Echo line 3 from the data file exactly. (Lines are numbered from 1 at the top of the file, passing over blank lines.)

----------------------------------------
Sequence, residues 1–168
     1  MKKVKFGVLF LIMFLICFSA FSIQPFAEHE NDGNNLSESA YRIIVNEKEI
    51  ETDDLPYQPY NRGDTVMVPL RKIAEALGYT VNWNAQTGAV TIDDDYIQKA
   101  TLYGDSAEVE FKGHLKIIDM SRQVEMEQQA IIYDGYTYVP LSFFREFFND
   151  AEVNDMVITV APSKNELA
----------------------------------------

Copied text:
    51  ETDDLPYQPY NRGDTVMVPL RKIAEALGYT VNWNAQTGAV TIDDDYIQKA